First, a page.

Psalm 119 is the longest chapter in the Bible. The prayer is an acrostic, made up of twenty-two stanzas, each eight lines long (22 x 8 = 176 verses). Eight different terms for God’s law are used throughout the prayer, and every line uses at least one of them. Following the order of the twenty-two letter Hebrew alphabet, each line of every stanza begins with one letter from the alphabet.
Think of the psalm as a quilt of letters. This poet uses every letter of that ancient alphabet to weave a tapestry of praise for God’s Torah. This creates a framework that forces the writer to think beyond their normal categories and experiences. In today’s passage we read the stanzas for the seventh and eighth letters—zayin and heth.
These stanzas touch on a theme repeated throughout this psalm: In God’s word we find the hopeful promises of God. This reminds me of Adoniram Judson, the first Baptist missionary from the United States, who wrote, “The future is as bright as the promises of God.”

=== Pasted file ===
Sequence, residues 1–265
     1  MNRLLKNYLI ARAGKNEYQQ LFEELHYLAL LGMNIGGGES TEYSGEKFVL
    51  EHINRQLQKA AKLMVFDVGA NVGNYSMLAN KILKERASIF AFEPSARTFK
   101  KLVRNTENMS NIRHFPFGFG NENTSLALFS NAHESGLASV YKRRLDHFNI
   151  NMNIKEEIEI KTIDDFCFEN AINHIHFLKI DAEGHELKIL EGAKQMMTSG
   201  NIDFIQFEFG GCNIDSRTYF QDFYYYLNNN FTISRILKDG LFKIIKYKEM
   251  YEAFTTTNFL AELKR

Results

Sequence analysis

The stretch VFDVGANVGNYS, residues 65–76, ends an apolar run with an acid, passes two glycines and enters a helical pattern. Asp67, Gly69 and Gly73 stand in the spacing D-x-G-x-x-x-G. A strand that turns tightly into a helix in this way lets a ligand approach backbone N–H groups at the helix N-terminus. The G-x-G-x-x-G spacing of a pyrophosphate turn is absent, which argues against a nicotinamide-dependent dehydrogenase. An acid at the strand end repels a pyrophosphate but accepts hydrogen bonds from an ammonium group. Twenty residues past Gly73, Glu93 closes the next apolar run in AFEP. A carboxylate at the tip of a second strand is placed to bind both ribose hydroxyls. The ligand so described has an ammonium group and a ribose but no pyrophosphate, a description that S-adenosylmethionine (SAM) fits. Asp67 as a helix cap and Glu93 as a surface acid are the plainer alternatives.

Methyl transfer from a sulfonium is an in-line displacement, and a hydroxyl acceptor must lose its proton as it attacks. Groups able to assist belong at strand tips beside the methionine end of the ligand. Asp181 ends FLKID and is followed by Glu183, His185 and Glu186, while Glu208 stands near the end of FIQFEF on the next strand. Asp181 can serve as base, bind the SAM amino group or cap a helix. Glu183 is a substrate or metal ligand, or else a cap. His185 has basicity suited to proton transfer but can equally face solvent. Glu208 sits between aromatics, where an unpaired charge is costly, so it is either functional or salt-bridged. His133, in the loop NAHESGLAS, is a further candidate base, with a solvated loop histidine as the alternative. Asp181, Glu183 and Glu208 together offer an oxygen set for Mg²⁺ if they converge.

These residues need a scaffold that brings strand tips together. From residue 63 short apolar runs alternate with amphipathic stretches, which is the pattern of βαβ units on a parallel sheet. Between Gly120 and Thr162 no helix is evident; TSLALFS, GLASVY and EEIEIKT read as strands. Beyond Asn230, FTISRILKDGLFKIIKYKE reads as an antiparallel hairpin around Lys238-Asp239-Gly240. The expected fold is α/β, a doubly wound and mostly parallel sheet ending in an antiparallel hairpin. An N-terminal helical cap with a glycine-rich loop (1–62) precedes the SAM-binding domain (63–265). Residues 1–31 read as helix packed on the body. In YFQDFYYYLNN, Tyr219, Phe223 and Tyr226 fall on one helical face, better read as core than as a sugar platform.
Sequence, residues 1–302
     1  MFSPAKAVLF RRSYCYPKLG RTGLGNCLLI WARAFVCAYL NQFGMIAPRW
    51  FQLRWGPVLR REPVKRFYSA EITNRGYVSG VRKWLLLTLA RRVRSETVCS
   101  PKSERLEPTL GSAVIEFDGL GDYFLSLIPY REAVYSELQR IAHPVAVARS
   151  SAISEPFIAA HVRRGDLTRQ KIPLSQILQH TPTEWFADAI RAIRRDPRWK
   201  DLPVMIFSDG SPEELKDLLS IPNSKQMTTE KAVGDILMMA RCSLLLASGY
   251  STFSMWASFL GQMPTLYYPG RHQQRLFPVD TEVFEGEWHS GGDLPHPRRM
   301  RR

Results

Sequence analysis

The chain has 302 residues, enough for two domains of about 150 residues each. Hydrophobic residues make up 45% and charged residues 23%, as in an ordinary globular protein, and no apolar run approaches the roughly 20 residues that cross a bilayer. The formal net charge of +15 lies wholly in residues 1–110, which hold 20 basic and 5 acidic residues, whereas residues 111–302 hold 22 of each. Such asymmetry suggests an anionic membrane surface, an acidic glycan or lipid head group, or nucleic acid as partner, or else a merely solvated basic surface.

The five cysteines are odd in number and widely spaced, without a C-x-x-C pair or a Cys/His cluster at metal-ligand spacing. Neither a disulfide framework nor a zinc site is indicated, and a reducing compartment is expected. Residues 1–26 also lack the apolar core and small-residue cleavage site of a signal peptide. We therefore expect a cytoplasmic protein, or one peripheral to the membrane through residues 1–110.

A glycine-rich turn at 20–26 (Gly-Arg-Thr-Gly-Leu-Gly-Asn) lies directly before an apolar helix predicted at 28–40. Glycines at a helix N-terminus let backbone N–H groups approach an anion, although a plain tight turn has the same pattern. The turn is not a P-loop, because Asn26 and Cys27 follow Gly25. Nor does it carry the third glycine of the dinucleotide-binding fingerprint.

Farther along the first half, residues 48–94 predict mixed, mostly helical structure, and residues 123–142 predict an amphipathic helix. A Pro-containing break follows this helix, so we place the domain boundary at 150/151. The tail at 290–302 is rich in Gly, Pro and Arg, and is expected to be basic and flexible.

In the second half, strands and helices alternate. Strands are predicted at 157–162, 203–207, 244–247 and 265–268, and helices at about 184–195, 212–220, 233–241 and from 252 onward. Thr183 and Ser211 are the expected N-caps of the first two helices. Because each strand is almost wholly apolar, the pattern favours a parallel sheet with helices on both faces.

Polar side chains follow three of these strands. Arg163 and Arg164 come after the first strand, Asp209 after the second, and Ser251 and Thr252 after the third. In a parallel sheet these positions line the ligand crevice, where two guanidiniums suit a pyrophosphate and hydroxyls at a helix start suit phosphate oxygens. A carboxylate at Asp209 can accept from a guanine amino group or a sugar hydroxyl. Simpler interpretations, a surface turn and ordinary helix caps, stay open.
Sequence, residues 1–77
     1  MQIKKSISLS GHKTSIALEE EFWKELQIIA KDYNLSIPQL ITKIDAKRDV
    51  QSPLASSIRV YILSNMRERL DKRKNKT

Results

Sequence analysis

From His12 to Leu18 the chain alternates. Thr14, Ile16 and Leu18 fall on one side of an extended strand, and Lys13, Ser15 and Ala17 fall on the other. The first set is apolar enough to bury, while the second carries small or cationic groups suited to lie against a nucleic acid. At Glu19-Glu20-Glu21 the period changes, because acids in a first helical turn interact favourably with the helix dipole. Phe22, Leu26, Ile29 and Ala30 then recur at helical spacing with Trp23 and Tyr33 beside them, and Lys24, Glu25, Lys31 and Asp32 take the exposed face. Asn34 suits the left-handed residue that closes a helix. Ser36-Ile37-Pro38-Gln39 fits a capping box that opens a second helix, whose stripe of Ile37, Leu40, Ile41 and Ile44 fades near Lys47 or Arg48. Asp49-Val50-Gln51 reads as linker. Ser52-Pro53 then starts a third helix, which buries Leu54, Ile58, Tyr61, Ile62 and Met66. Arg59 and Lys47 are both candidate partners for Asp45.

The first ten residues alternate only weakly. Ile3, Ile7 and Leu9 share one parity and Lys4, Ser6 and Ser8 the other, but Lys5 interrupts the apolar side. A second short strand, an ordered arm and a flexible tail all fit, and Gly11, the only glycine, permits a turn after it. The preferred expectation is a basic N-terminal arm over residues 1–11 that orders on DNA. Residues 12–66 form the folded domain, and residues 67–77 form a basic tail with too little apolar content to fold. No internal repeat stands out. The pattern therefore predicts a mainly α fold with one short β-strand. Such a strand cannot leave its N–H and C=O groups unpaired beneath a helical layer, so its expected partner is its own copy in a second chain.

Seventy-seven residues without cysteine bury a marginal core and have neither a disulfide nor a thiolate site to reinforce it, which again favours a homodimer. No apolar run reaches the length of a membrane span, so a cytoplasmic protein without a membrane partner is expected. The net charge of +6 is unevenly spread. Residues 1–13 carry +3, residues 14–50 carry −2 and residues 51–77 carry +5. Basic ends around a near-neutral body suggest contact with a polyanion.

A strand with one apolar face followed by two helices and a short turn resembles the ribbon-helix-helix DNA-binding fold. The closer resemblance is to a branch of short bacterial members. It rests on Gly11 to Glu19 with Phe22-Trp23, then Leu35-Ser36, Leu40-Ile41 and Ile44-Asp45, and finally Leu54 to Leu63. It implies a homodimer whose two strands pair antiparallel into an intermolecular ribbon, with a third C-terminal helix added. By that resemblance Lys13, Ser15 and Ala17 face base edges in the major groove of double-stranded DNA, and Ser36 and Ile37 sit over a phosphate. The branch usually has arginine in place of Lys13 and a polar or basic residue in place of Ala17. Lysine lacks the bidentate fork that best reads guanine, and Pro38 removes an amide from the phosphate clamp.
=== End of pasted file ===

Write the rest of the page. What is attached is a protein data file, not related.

When you have problems picturing what you are looking for—imagining a future beyond the horizon—changing the framework for how you express yourself helps. The mystic Cynthia Bourgeault talks about how molding clay speaks in ways beyond words, similar to the way painting or drawing can speak in a non-verbal, though tangible fashion. Children who have difficulty finding words for their fears or hopes may draw their feelings more easily.
Creating a new framework to channel your thoughts and expressions will open up a new avenue of insight and just might allow you to see that future.
When was the last time you prayed in a different manner—walking a labyrinth, repeating words from a prayer book, trying lectio divina? What is stopping you from trying that now?
Lord, speak to all my senses, that I might smell, see, feel, taste, or hear you in a new way. Amen.